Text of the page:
Tom really gets into trouble when he has to scream, after he has locked all the doors himself, and swallowed the key. Luckily little Nibbles rescues Tom from certain death by lulling the king back to sleep, but outside the king’s bed room the fight continues.

‘Royal Cat Nap’ is no classic, but it shows that even in their last year at MGM Hanna & Barbera still had maintained their talent for comedy and timing. The heydays of Tom & Jerry were clearly over, but compared to most contemporary theatrical cartoons ‘Royal Cat Nap’ is surprisingly inspired and well-timed. The animation, too, is still of high value. This is partly because the 1957/1958 cartoons were made much earlier, in 1955 and 1956. Already in the Spring of 1957 MGM had closed his cartoon animation studio. By July Hanna & Barbera had founded their own production company, and by December 1957 they had launched their first television series, The Ruff and Reddy Show.

Watch ‘Royal Cat Nap’ yourself and tell me what you think:

This is Tom & Jerry cartoon No. 111
To the previous Tom & Jerry cartoon: Happy Go Ducky
To the next Tom & Jerry cartoon: The Vanishing Duck

‘Royal Cat Nap’ is available on the European DVD Box set ‘Tom and Jerry Collection’

Directors: William Hanna & Joseph Barbera
Release Date: January 3, 1958
Stars: Tom & Jerry, Little Quacker
Rating: ★★★½
Review:

Happy Go Ducky © MGM‘Happy Go Ducky’ starts with the Easter bunny delivering an Easter egg to Tom & Jerry.

The two fight over the egg, which soon breaks, hatching into Little Quacker, which immediately goes swimming in whatever fluid containing device he sees, being it Tom’s milk bowl, a fish tank, a water tank or a bath. Tom & Jerry try to get rid of the little duck, even putting it back into the egg shell and sending it back to the Easter bunny, but to no avail. In the end, the whole room is flooded, and Tom and Jerry have to watch Little Quacker swimming around with his four duckling friends from the local public park pond.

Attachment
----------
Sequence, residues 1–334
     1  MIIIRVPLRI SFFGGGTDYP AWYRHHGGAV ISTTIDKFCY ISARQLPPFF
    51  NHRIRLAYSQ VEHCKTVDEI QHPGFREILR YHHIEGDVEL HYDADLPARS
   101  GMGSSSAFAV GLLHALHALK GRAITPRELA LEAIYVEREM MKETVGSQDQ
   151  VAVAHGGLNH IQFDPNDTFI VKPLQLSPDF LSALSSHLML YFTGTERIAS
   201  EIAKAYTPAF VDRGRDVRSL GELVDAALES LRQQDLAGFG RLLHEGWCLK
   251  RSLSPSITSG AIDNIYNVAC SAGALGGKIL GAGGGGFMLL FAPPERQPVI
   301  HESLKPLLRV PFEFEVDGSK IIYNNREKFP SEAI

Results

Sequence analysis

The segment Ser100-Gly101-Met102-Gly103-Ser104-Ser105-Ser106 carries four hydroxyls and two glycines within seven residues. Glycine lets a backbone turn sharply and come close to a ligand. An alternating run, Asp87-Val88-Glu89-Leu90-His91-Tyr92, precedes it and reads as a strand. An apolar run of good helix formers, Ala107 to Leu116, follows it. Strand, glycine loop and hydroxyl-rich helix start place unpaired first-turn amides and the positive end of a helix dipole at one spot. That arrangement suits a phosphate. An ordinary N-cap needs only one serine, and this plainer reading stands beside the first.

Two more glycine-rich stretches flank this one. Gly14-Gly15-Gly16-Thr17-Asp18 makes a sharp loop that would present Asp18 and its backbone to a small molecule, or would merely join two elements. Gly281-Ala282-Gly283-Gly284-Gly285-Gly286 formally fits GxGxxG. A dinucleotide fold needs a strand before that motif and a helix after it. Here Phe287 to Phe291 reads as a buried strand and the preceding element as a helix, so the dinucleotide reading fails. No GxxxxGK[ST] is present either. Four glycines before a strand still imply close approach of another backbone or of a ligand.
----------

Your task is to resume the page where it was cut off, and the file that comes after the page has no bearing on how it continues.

‘Happy Go Ducky’ is remarkable for lack of conflict between Tom and Jerry. As soon as Little Quacker enters the scene, the two work together to get the intruder out. This hampers the comedy, which remains mild and friendly. Part of the humor stems from Little Quacker exclaiming ‘Happy Easter!’ enthusiastically every time he has found a place to swim. The best gag however is when Tom tries to shut a shower door, which Little Quacker has filled to the max with water.

Watch ‘Happy Go Ducky’ yourself and tell me what you think:

 

This is Tom & Jerry cartoon No. 110
To the previous Tom & Jerry cartoon: Tom’s Photo Finish
To the next Tom & Jerry cartoon: Royal Cat Nap

‘Happy Go Ducky’ is available on the European DVD Box set ‘Tom and Jerry Collection’

Directors: William Hanna & Joseph Barbera
Release Date: January 17, 1942
Stars: Tom & Jerry, Mammy Two-Shoes
Rating: ★★★½
Review:

Fraidy Cat © MGMThis short opens with Tom listening to ‘The Witching Hour’ on the radio, living the part of it.

Jerry mocks the scene, and decides to scare Tom himself, which he does with e.g. help of a vacuum cleaner and a white shirt. Jerry scares Tom to death, who had already been frightened by the radio program.

‘Fraidy Cat’ is less funny than the first three Tom & Jerry cartoons, but it clearly shows that Hanna and Barbera could do much more with the cat and mouse duo than ordinary chases. ‘Fraidy Cat’ also is the first Tom & Jerry cartoon to feature non-realistic gags: when Tom listens to the radio he literally gets “icy chills raised down his spine”: we watch him being covered in icicles. In the next scene he literally has is heart leaping into his throat. Later, we watch Tom’s nine lives leave him, when he is almost sucked away by Jerry’s vacuum cleaner. And finally, when Tom sneaks upon Mammy Two-Shoes, his body stretches beyond any sense of realism. These types of gags would become more and more important in the series, making the Tom & Jerry cartoons funnier and funnier.

Watch ‘Fraidy Cat’ yourself and tell me what you think:

This is Tom & Jerry cartoon No. 4
To the previous Tom & Jerry cartoon: The Night Before Christmas
To the next Tom & Jerry cartoon: Dog Trouble

‘Fraidy Cat’ is available on the European DVD set ‘Tom and Jerry Collection’

Directors: William Hanna & Joseph Barbera
Release Date: December 6, 1941
Stars: Tom & Jerry
Rating: ★★★★½
Review:

The Night Before Christmas © MGMAlready in their third cartoon Tom & Jerry were given their own Christmas special.

The short starts with the narrator reciting the first two lines from the early 19th century poem ‘A Visit from St. Nicholas’: “‘Twas the night before Christmas, when all thro’ the house not a creature was stirring, not even a mouse“.